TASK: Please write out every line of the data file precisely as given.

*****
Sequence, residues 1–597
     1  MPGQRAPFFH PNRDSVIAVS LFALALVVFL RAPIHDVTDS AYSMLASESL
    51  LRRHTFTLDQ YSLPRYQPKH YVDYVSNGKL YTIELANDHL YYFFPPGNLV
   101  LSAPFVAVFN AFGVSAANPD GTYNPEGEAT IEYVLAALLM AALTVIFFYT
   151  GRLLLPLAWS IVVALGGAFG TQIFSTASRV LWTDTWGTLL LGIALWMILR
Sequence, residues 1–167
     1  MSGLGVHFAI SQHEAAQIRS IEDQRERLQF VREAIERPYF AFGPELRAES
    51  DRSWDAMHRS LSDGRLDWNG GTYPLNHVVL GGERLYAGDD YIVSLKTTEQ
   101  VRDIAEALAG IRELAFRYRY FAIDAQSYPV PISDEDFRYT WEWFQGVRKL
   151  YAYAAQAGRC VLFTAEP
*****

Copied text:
Sequence, residues 1–597
     1  MPGQRAPFFH PNRDSVIAVS LFALALVVFL RAPIHDVTDS AYSMLASESL
    51  LRRHTFTLDQ YSLPRYQPKH YVDYVSNGKL YTIELANDHL YYFFPPGNLV
   101  LSAPFVAVFN AFGVSAANPD GTYNPEGEAT IEYVLAALLM AALTVIFFYT
   151  GRLLLPLAWS IVVALGGAFG TQIFSTASRV LWTDTWGTLL LGIALWMILR
Sequence, residues 1–167
     1  MSGLGVHFAI SQHEAAQIRS IEDQRERLQF VREAIERPYF AFGPELRAES
    51  DRSWDAMHRS LSDGRLDWNG GTYPLNHVVL GGERLYAGDD YIVSLKTTEQ
   101  VRDIAEALAG IRELAFRYRY FAIDAQSYPV PISDEDFRYT WEWFQGVRKL
   151  YAYAAQAGRC VLFTAEP